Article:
The Hamptons Travel Guide

The Hamptons Summary

Pros

  • Unspoiled beaches with white, clean sand
  • Array of water sports like fishing, surfing, and water skiing
  • Many family farms providing local food to restaurants and farmers markets
  • Wine tasting at local vineyards
  • Fresh seafood caught daily
  • Scenic and litter-free public parks near the ocean, bays, and ponds
  • Roads boast beautiful surroundings like wide, open plains and rolling hills
  • A celebrity hot spot
  • Many local festivals and events, including the Hamptons International Film Festival and various music festivals
  • Art and history museums like the Parrish Art Museum, Montauk Lighthouse Museum, and the Southampton Historical Museum
  • Diverse shopping options, from Michael Kors in Southampton to the World Village Fair Trade Market in Hampton Bays
  • Many high-end restaurants but also some down-to-earth places like Townline BBQ in Sagaponack and Almond in Bridgehampton

Cons

  • Expensive
  • Some beaches get crowded

What It's Like

Walking around in flip-flops and a sarong may be completely acceptable in the Hamptons, but don't let its laid-back, beachy vibe fool you completely. The easygoing aura is accompanied by sky-high prices. While this string of beach towns on the South Fork of Long Island gained fame from its (as some people say) stuffy, old-money residents, the Hamptons also offers natural beauty, family-friendly resorts, and a young and vibrant party scene.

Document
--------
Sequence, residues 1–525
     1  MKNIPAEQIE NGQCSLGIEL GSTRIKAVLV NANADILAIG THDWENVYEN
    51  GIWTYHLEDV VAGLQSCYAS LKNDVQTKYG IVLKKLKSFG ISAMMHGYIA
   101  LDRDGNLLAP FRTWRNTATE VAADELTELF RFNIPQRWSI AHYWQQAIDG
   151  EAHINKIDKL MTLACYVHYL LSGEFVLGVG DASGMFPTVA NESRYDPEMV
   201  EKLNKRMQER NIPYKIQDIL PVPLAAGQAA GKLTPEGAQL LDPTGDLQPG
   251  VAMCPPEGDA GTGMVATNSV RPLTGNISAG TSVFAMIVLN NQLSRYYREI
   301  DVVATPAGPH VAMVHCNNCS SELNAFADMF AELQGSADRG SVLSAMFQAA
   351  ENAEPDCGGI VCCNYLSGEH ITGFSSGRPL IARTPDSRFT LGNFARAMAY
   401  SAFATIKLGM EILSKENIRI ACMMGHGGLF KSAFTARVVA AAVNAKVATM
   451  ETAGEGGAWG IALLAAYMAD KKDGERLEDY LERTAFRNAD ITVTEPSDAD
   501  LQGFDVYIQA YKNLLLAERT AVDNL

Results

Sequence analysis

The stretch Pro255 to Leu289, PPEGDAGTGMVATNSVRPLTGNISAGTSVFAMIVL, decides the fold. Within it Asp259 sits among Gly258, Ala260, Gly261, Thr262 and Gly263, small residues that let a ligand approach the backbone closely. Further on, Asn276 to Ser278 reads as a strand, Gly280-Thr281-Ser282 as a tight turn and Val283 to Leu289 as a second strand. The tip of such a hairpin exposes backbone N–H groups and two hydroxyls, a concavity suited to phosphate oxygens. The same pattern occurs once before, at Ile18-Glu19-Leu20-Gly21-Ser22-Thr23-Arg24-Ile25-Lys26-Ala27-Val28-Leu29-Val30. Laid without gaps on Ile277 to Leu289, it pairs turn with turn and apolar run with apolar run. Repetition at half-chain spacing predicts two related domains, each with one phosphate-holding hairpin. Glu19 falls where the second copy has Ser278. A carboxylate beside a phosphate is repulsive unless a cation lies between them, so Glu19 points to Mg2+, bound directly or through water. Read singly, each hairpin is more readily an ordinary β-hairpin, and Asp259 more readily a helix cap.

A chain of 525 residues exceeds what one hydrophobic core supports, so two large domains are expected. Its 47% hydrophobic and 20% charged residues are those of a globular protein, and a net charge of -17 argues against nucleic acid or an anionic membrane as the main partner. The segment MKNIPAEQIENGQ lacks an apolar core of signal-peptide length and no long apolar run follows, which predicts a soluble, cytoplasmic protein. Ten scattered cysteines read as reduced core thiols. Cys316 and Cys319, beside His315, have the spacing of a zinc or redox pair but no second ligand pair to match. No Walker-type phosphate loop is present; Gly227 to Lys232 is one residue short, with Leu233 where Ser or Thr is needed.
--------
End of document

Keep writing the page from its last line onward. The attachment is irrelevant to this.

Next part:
Montauk is one of the least built up, most peaceful towns. Located at the very tip of Long Island (and nicknamed "The End"), this little hamlet has 12 miles of exposed, open road surrounded by water on three sides. Many visitors opt for recreational activities like surfing at Ditch Plains, hiking through the Montauk Mountain Preserve, and playing tennis at Montauk Downs.

To the west at Sag Harbor, once a whaling port in the 18th and 19th centuries, an entirely different vibe radiates. Boats dot the marina, and much of the older architecture -- Greek-revival houses and early-colonists' homes -- remains intact.

It's safe to say that the Hamptons come with a notorious nose-in-the-air reputation, but many visitors will be happily surprised at the diversity of experiences to be had. Visitors can choose between towns like ritzy Southampton (one of the most exclusive villages, with plenty of multi-million dollar homes), to laid-back Montauk, to quaint villages like Quogue and Sag Harbor.

Where To Stay

Many visitors to the Hamptons rent houses, so hotels can be a little difficult to find. Montauk probably has the most hotels, and the area from Southampton to Westhampton Beach also offers a decent number. If you're looking for a romantic, super secluded stay, a few hotels can be found on Shelter Island, which is only reachable by boat. Montauk is the best family choice, with plenty of activities for all ages.  

View all The Hamptons Hotels

Facts

Languages:

English

Airport:

Montauk Airport

John F. Kennedy International Airport

Peak:

June - Aug.

Currency:

U.S. Dollar

Electricity:

120 V, 60 Hz

Tipping:

15-20% at restaurants

Oyster Travel Guides

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East Hampton Travel Guide
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